This kind of diet is associated with extreme food deprivation as a substitute for good diet and exercise techniques. As a result, the dieter may experience loss of both muscle and body fat during the initial weight-loss phase (weight-bearing exercise is required to maintain muscle). After completing the diet, the dieter is likely to experience the body's famine response, leading to rapid weight gain of only fat. This is a dangerous fat-cycle that changes the body's fat to muscle ratio, one of the more important factors in health. One study in rats showed those made to yo-yo diet were more efficient at gaining weight.

I find this being a very accurate description of the Kimkins Diet. And it has held true for the majority of her members.

Lately, the only "new" members showing up in the Kimkins forum are people that originally tried the diet around the time of the Woman's World article in June 2007. Lost a little weight then but could not stick to it. They are now returning as the "diet did work" the first time. No, it didn't. A diet you can not stick to does not work. A diet that does not lead to lifelong weight loss maintenance is not even worth trying, in my opinion. What's the point of losing the same weight over and over again?

The good news with the returning members is that they don't generate any new revenue for Heidi Diaz. As they purchased a life time membership, there is no additional fees that she can add to the fraudulently obtained money she already has.

The Kimkins board has undergone changes since the June 2007 peak. There is very little activity and there is no peer pressure to drop calories to starvation levels. Sure, lean proteins with minimal fats are still recommended, but most of the members fall off or cheat on a regular basis. Even the few maintainers are not doing a very good job at maintaining these days.

Despite that the board does no longer appear to promote a diet that would be dangerous to your health, it still should be shut down. The entire venture was based on fraud and should not be allowed to continue in any form.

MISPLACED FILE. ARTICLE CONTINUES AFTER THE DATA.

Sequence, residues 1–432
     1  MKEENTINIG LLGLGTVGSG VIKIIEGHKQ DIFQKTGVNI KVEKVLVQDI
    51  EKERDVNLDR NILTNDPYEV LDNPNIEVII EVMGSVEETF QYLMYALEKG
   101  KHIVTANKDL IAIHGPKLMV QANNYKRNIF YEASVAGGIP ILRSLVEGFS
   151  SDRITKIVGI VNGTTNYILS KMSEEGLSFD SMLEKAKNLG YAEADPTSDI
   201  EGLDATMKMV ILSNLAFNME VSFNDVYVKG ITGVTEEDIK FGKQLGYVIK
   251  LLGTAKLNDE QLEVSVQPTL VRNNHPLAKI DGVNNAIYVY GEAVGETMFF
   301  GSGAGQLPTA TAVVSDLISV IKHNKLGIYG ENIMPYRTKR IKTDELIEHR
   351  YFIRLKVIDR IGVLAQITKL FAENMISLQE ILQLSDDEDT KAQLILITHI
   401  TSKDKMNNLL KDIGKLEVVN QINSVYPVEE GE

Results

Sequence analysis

[The rat study Wikipedia references might not fully apply to people, but the results would scare me off any extreme diet attempt. Even if I would be able to starve myself all the way to goal, How would I deal with the "four-fold food efficiency" while trying to maintain? Continue to starve the rest of my life?

This study examined the metabolic effects of weight cycling, i.e., repeated periods of weight loss followed by regain. There were three groups of adult, male Sprague-Dawley rats: (1) Chow Controls (a normal weight control group fed chow throughout); (2) Obese Controls (animals fed a high-fat diet throughout); and (3) Obese Cycling (obese animals cycled through two bouts of caloric restriction and refeeding). The cycled animals showed significant increases in food efficiency (weight gain/kcal food intake) in the second restriction and refeeding periods compared to the first, i.e., weight loss occurred at half the rate and regain at three times the rate in the second cycle. Several physiological changes were associated with this cycling effect. At the end of the experiment, cycled animals had a four-fold increase in food efficiency compared to obese animals of the same weight who had not cycled. These data suggest that frequent dieting may make subsequent weight loss more difficult. The possible metabolic and health consequences of “yo-yo” dieting are discussed. ]